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Trip generation -- United States, Traffic surveys -- United States, Transportation -- Planning -- Statistical methods


There is national interest in building data that expands upon the existing Institute of Transportation Engineers (ITE) trip generation rates to include sites located in a multi-modal context. Current ITE rates represent travel behavior for development in single lots and uses, primarily measured in low-density suburban areas. Despite evidence that a more compact urban form, access to transit and a greater mix of uses generates fewer and shorter vehicle trips, local governments are often compelled to use current ITE trip generation rates to evaluate transportation impacts and calculate transportation system development charges (TSDCs). This is due to: a) the expense of collecting local data, b) lack of alternative sources of information, c) the strong industry bias toward using ITE published rates and d) the absence of a empirically tested methodology for adjusting those rates for development occurring in different land use and transportation contexts. Compounding these challenges, cities in Oregon are required to demonstrate that planning and zoning changes will not degrade the performance of state-owned transportation facilities compared to the levels of service documented in the Regional Transportation Plan under the Oregon Transportation Planning Rule, section -0060, and Oregon Highway Plan, Policy 1.F.6. These requirements can conflict with regional policies in Metro's 2040 Growth Concept that call for development of mixed-use centers and corridors to support jobs and freight reliability, a compact urban form and leverage transportation investments such as high capacity transit. Thus, there are gaps in the understanding about how best to evaluate, mitigate and plan for growth under these conditions. This research proposes to develop multi-modal trip generation rates that better reflect the relationship between land use, transportation and travel demand for specific land use types located in various urban settings. The project aims to collect local data (using multi-modal counts and establishment surveys) on a few specific land uses (deemed most problematic to estimate demand and occurring across the spectrum of urban conditions) to develop trip generation rates that are sensitive to demographic, land use and transportation contexts. These new trip rates will be compared to the ITE rates for the same land use category and a methodology for adjusting the ITE rates will be developed. This adjustment methodology will be validated, using additional data collected in this research. The research will be documented and made available to local partners and disseminated widely to reach out to other communities across the country. The research conducted for this project would account for how the built environment (e.g., both land use and transportation) influences travel behavior (number of trips, trip length, mode choice), and determine trip rates that reflect the entire activity spectrum of different development/place typologies. This is extremely important in determining the impact of different development types on the transportation system to: 1) avoid over-planning the system for the surrounding land uses; (2) suggest strategies and investment priorities to encourage more compact, mixed-use areas with more transportation choices and 3) avoid creating regulatory and/or financial barriers to compact form envisioned by local, regional and statewide plans (i.e. uniform TSDCs can result in lower impact development paying the same rates, and thus subsidizing development with higher impact costs to the transportation system). The documentation of the findings and methodology will be applicable to current and future growth and be transferable to other communities, locally and nationally, beyond the Portland region.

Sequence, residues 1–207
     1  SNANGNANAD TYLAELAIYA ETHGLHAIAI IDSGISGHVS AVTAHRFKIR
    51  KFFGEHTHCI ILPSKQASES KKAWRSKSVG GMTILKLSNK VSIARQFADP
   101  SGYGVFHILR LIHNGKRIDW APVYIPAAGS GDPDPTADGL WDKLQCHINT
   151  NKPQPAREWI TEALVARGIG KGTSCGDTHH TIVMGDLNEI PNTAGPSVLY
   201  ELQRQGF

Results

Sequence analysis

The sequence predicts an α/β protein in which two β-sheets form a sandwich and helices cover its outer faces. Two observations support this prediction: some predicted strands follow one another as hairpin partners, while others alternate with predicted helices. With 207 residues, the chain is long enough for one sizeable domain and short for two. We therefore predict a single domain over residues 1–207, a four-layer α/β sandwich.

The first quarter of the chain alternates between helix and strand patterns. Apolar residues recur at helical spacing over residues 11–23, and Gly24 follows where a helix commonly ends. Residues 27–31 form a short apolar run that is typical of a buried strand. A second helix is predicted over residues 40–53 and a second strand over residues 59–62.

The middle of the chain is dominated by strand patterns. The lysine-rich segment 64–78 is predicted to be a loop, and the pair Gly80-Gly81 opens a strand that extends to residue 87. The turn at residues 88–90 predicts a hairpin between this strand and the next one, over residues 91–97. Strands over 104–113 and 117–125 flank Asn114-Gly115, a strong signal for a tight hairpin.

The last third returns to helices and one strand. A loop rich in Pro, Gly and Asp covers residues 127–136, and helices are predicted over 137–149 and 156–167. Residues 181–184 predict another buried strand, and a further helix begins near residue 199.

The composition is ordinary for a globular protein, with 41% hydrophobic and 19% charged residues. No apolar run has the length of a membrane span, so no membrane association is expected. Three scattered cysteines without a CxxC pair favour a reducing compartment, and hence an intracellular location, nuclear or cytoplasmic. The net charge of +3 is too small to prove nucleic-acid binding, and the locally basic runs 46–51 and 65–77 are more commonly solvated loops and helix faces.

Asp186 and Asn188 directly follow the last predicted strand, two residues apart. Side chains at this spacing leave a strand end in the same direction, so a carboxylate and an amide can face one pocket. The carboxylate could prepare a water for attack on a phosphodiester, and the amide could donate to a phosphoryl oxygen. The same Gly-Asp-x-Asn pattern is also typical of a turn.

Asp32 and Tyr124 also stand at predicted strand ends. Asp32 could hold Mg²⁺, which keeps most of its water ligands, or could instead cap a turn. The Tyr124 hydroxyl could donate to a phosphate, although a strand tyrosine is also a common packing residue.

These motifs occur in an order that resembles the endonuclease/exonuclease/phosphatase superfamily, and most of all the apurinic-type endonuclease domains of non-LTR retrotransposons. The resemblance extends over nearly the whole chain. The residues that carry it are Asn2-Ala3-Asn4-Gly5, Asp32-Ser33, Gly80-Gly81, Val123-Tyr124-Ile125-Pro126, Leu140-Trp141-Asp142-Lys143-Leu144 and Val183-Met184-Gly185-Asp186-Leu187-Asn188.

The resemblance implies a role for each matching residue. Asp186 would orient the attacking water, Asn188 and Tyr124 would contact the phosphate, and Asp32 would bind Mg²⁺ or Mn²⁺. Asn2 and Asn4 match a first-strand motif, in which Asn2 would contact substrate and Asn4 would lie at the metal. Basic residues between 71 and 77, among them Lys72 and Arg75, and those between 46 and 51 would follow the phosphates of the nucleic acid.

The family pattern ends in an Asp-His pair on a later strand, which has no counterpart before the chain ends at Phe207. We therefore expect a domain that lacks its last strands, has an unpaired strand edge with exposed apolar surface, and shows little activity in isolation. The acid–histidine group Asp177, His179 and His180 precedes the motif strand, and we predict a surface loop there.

This is a final report, OTREC-RR-12-13, from the NITC program of TREC at Portland State University, and can be found online at:

The project brief can be found here:



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